While PTINS have been around since 1999, New York State first required preparers to register in 2009 (and pay an annual  fee of $100.00 for the privilege. The IRS charges a fee of $64.95).

Why Did New York State and The IRS Do This? 

At last count, the United States Treasury determined there was a 315 billion dollar tax collection shortfall in 1985, 265 billion of which was directly attributable to taxpayers’ failure to file, and filing fraudulent returns. This new system will enable them to better identify and prosecute those abusing the system by flooding it with fraudulent returns. On the other, to catch those who prepare returns and fail or refuse to sign them. Why do they refuse? So they don’t have to declare the income. In fact, they often fail to  file their own income tax returns.

On several occasion last filing season, clients, thinking they’d save money, went to other preparers, only to be told the preparer had a “…problem with their New York State software. So tell you what, I’ll prepare and charge you for preparing your Federal return and you can go anywhere to get the NYS return done.”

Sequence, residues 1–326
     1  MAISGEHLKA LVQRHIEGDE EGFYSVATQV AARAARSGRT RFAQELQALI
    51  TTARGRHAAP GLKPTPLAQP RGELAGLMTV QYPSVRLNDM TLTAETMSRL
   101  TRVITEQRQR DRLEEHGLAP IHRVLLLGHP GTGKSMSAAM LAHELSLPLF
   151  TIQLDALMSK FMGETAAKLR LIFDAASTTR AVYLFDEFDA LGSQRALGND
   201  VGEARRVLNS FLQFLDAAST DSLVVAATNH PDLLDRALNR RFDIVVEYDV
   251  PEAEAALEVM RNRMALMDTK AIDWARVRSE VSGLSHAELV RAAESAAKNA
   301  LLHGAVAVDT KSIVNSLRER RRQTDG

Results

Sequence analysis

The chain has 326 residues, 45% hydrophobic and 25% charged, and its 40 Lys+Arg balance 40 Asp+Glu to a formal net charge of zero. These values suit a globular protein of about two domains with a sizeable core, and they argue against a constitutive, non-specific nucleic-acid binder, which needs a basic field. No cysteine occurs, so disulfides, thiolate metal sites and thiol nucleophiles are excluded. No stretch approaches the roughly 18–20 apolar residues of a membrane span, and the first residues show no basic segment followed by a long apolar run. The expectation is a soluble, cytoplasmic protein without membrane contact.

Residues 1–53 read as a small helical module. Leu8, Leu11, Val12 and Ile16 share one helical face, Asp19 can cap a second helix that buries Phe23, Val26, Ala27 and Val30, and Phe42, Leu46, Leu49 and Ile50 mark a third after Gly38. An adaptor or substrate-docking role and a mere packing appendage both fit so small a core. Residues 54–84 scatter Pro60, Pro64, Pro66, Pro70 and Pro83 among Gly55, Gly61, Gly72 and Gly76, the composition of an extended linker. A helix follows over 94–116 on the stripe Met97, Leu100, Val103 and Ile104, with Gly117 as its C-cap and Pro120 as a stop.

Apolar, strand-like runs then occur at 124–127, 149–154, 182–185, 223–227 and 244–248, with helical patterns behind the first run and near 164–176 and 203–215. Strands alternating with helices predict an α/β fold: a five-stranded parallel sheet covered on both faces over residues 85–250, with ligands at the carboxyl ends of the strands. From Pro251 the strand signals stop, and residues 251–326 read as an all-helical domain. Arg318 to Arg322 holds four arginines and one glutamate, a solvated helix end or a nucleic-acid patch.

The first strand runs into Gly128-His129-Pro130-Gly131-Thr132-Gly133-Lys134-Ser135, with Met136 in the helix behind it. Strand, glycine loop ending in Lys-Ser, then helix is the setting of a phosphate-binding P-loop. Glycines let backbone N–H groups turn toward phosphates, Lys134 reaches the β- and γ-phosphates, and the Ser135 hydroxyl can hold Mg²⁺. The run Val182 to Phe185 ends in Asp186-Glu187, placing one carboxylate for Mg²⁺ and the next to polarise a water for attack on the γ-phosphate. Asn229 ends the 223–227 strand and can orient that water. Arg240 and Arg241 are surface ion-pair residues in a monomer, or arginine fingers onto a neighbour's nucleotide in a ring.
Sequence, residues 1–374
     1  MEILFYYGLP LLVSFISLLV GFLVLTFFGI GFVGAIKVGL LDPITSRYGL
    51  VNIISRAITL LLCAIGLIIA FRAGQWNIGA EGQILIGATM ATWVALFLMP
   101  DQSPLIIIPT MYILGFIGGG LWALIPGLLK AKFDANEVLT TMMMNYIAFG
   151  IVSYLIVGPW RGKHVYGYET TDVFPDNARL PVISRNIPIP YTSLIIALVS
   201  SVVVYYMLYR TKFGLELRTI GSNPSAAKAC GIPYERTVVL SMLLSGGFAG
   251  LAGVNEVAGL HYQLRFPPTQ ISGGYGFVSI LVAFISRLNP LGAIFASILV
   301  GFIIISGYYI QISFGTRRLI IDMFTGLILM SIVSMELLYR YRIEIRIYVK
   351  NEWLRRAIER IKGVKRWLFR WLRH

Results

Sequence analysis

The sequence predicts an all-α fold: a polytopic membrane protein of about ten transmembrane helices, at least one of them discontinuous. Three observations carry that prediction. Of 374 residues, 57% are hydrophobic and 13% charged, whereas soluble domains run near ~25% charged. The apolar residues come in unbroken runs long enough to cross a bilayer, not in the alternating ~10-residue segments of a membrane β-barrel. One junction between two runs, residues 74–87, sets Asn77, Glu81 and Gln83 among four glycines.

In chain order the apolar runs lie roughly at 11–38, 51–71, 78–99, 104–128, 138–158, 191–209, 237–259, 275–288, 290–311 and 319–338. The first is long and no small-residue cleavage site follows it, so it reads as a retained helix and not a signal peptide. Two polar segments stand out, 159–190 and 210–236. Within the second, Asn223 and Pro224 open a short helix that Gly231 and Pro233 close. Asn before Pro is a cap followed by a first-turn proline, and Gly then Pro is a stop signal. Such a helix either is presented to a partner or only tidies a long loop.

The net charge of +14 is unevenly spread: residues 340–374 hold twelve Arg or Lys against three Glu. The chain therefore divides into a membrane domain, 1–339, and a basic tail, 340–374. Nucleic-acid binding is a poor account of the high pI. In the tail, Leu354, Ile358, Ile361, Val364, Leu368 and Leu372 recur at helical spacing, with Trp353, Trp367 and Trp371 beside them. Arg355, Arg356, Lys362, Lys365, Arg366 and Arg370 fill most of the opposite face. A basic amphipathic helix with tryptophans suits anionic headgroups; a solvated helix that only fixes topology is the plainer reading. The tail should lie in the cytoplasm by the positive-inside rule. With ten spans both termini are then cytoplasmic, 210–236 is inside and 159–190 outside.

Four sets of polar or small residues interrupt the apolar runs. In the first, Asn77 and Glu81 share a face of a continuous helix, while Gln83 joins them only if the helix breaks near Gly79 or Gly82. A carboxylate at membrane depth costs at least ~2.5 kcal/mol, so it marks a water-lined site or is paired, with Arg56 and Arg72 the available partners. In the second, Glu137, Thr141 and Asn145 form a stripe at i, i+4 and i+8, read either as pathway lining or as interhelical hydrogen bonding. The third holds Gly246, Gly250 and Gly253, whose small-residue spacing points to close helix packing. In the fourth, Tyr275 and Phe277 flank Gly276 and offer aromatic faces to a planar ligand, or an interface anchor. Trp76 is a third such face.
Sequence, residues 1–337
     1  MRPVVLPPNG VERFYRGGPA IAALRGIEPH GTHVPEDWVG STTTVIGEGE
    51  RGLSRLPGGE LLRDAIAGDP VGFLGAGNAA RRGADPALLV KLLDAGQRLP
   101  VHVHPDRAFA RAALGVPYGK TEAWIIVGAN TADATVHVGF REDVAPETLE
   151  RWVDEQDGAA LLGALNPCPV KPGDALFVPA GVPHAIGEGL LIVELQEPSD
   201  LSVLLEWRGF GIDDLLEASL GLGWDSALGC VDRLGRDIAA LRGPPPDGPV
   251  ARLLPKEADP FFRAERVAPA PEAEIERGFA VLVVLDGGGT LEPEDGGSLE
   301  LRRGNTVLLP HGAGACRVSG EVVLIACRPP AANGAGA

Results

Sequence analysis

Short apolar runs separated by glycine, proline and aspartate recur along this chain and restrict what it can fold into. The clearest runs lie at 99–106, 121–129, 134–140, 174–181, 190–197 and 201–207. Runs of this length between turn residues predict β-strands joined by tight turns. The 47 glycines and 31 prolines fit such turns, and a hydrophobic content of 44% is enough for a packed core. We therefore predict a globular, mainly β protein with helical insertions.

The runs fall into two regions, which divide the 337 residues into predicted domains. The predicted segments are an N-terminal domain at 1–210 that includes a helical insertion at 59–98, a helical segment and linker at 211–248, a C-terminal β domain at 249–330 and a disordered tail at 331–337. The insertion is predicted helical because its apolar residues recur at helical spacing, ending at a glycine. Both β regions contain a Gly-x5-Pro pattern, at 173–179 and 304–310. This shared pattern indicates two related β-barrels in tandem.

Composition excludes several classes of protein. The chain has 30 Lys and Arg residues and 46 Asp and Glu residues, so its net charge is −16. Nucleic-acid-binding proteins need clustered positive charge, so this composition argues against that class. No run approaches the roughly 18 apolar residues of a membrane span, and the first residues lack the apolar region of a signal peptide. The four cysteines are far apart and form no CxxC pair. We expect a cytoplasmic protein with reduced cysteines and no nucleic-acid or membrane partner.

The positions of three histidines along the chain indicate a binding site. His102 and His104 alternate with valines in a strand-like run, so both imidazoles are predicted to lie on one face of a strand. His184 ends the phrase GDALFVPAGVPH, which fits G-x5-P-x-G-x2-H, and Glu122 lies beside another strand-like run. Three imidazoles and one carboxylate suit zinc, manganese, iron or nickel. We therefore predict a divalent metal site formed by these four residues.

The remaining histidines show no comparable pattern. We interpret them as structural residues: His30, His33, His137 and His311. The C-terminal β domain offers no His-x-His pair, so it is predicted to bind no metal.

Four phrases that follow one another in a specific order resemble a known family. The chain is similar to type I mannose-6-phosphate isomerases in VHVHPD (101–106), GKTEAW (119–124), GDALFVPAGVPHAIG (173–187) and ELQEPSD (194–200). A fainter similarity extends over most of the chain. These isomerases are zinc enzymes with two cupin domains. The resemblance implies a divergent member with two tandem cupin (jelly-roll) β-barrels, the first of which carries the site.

Not with me. Sorry. I don’t do sloppy seconds.

Never have, never will.

No matter what, the federal return must always be done first. Many federal calculations then flow to the state return.

You come to my office and you’ll pay for both, because I must prepare both.  I wound up telling those clients to return to the other preparers and get their money back. And their files, too.

And You Thought This Was Going To Be Easy?

Next week we’ll review reasons numbers 4, 5 and 6. Until next time, wait for those w-2’s with bated breath.

Questions? Feel free to email me at eustace@brooklyncovered.com

* We’ll cover the subject of filing status in a future post.